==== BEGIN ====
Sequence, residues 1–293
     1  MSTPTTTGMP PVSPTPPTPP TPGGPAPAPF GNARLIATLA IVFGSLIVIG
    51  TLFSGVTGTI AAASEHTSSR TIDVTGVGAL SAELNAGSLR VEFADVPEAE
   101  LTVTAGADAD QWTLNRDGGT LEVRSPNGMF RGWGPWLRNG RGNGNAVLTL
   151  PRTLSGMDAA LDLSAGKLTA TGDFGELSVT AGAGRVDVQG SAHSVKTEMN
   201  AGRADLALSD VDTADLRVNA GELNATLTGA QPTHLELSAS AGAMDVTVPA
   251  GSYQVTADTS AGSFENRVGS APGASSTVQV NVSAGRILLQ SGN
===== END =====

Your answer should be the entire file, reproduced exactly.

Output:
Sequence, residues 1–293
     1  MSTPTTTGMP PVSPTPPTPP TPGGPAPAPF GNARLIATLA IVFGSLIVIG
    51  TLFSGVTGTI AAASEHTSSR TIDVTGVGAL SAELNAGSLR VEFADVPEAE
   101  LTVTAGADAD QWTLNRDGGT LEVRSPNGMF RGWGPWLRNG RGNGNAVLTL
   151  PRTLSGMDAA LDLSAGKLTA TGDFGELSVT AGAGRVDVQG SAHSVKTEMN
   201  AGRADLALSD VDTADLRVNA GELNATLTGA QPTHLELSAS AGAMDVTVPA
   251  GSYQVTADTS AGSFENRVGS APGASSTVQV NVSAGRILLQ SGN